Recently, three security specialists from Malta got around the fix using more complicated programming. Using a modified version of the Third Voice software that they created, the three were able to put Java script into notes.
The three, known as the Netfishers, then used the scripts to gather site IDs and passwords from Third Voice users.
According to Eng-Siong Tan, chief executive and cofounder of Third Voice, the company had fixed the problem discovered by the Netfishers in less than a day. "The moment we knew about it, we put all our resources on the problem. By the end of the day, it was fixed," Tan said.
Third Voice added the new security enhancements to the server side of its system, which will not affect the usage of Third Voice nor require users to download new software, according to the company.
"We will not tolerate anyone using Third Voice for malicious or deviant purposes," Tan said. "We have taken extra steps to further bolster the security of our system, and we will continue to prevent Third Voice from becoming a launching pad for malicious behaviour, such as spreading viruses. We can assure all Third Voice users that we will not compromise the integrity of our system, and we will not violate the privacy of our users."
According to the company, Third Voice users have not reported any harm coming from security violations, nor have any users accessed Third Voice to spread a virus.
Taking a different approach to Web notes, an Israeli start-up introduced a new, two way, multi user communication platform, in late July, which allows Internet users to exchange knowledge and opinions through Internet notes posted on any Web page.
Called Utok, users' tree of knowledge, the software displays the notes in a separate window and saves notes on the Utok server which leaves the displayed Web page untouched and protecting all original Web content.
Users are notified of replies to public and private notes. The software interconnects web surfers with one another and enables users to communicate using notes "attached" to Internet locations.
Filtering and sorting tools let users decide what and how much to read. And a user-driven ratings system emphasises important postings and minimises irrelevant or off-topic messages.
"We have a deep understanding of today's Internet users' needs, so we have created utok both as functional research and a communication tool as well as a fun to use client that broadens the concept of communities on the Internet," said Orit Shmaya, president and co-founder of utok.
He also said that a five-star rating system allows utok users to self-moderate the posted notes, which reduces clutter and irrelevant information.
Just a few weeks ago, start-up NovaWiz announced the worldwide launch of Odigo, which merges instant messaging, chat-on-page and temporary web page note posting tools into one application.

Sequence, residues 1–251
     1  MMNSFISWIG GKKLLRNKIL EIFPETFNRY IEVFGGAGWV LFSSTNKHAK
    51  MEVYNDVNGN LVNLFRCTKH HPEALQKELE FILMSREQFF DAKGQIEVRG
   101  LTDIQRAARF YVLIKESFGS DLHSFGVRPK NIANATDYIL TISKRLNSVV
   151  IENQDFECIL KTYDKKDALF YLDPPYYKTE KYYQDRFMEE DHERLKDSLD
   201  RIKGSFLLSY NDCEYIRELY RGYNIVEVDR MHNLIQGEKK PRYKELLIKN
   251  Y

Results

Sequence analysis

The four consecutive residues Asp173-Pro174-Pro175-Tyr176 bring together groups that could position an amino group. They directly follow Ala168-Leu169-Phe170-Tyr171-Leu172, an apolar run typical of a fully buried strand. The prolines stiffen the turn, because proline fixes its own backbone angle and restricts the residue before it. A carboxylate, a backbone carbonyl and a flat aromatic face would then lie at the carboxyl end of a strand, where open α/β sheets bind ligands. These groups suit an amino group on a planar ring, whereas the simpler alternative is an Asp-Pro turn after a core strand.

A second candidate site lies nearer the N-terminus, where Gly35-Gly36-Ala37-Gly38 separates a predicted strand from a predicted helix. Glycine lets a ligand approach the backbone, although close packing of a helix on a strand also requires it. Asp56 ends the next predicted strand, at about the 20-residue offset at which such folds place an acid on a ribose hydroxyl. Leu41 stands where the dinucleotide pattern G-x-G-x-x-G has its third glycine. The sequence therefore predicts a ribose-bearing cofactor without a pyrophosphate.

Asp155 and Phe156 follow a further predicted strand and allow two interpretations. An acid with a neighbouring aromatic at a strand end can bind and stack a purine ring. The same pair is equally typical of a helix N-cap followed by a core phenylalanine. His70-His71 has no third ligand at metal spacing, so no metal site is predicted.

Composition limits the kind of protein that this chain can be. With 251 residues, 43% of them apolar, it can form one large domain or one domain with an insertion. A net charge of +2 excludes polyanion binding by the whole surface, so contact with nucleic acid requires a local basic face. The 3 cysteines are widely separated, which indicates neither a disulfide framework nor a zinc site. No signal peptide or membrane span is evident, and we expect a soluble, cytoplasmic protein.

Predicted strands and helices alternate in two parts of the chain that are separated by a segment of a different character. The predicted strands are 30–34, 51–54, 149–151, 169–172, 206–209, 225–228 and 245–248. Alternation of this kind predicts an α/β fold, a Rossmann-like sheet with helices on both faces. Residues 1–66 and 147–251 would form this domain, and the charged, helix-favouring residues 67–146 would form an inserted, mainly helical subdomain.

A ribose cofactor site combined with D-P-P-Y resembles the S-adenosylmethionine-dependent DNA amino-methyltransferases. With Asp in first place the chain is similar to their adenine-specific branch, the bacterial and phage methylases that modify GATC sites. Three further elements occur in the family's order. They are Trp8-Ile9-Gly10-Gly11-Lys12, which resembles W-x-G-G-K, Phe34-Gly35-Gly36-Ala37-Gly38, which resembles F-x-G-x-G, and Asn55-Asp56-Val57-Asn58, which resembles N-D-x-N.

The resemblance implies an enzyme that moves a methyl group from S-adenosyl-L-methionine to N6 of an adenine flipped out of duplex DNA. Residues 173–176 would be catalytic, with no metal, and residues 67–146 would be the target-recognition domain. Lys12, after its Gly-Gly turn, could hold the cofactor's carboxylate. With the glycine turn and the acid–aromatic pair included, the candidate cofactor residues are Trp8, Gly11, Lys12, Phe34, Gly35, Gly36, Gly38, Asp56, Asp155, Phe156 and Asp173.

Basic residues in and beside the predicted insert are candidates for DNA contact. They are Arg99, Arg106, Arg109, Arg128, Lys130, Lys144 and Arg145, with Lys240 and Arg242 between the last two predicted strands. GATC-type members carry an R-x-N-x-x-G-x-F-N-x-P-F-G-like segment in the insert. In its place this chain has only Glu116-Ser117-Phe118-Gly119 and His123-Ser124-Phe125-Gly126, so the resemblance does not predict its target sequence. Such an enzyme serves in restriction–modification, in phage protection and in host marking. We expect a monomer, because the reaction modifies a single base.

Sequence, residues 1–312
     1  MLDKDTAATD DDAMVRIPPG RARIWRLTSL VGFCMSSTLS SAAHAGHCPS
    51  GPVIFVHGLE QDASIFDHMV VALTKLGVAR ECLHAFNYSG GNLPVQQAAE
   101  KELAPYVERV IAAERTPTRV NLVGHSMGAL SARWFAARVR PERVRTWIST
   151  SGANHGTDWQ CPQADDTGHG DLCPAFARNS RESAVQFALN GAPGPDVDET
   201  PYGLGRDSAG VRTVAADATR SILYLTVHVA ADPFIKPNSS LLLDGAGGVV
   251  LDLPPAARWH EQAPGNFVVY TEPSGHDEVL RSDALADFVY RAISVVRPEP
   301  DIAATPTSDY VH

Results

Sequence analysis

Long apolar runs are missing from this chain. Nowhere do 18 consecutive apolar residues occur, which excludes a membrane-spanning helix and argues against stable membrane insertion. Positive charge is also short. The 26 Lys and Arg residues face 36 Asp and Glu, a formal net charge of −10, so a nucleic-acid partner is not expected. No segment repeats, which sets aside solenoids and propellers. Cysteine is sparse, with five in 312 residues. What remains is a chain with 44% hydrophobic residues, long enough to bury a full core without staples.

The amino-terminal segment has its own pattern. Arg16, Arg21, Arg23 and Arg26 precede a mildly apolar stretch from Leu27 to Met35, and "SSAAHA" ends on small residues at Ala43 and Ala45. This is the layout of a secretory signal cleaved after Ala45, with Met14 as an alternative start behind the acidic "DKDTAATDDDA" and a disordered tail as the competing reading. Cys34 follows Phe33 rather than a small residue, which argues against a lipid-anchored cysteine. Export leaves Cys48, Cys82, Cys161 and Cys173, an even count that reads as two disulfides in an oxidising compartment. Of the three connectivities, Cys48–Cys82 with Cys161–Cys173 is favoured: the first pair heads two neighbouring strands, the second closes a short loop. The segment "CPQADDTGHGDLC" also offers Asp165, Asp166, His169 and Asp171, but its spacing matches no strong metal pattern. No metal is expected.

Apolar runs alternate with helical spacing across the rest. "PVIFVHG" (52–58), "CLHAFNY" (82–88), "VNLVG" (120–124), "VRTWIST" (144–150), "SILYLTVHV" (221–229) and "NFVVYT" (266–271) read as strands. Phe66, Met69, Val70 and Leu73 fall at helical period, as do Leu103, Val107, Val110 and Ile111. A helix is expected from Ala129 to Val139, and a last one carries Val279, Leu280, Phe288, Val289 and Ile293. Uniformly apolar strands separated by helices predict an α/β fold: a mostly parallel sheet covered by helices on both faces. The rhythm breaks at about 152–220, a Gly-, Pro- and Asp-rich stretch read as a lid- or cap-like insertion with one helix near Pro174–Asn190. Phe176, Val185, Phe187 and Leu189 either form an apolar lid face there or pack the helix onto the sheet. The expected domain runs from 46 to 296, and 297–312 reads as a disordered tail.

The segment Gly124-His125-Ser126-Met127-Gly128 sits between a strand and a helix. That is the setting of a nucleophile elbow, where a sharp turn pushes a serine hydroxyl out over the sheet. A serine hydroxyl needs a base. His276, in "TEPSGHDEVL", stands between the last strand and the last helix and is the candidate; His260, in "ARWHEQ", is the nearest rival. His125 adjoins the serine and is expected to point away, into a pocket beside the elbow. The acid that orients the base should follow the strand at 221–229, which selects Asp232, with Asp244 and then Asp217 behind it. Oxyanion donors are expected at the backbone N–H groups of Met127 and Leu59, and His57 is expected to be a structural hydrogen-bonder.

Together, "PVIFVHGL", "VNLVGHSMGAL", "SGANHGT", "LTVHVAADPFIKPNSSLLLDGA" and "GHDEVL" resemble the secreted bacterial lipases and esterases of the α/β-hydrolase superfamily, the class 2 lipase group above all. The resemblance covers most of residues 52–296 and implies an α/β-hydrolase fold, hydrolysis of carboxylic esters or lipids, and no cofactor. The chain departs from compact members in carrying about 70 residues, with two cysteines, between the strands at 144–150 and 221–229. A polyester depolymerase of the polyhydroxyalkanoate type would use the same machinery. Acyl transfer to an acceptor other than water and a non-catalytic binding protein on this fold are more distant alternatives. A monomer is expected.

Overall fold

According to Shai Buber of NovaWiz, Odigo grew out of users' frustration with the limits of current technology. "Odigo gives Internet users the tools they need to find the most popular sites on a given topic in real-time and to engage the people on those sites who share their interests."
He pointed out that Odigo has a significant advantage over commercially motivated search engines because Odigo's search results are based on real-time
surfing behaviour of Odigo users.
Odigo enables its users to communicate with other people on the web through instant messaging, e-mail and chat-on-page. When visiting a web page, temporary notes can be posted on Odigo that can be viewed by other users on that particular page. The messages disappear from Odigo when the user who posted them logs off.
Like Utok, Odigo also creates a separate application window on the user's computer, but instead of resembling an email application, it looks something like a futuristic remote control.
At the site, consumers can use the tool to "find like minds" by watching where users of similar tastes come together on the Web. Users can also fill out identity cards and chat with fellow Odigo users.
Even though each of the Web notes players have taken a slightly different course, they all hope to successfully ride the next wave of the Internet. And some analysts are painting a bright future for these niche players.
"The common belief that every market is overcrowded is a myth," said Allen Weiner, analyst at NetRatings. "We're about to enter a period of verticalisation of the Web, with a proliferation of interest specific content and ecommerce sites. Each is going to require the necessary tools and infrastructure to really be strong."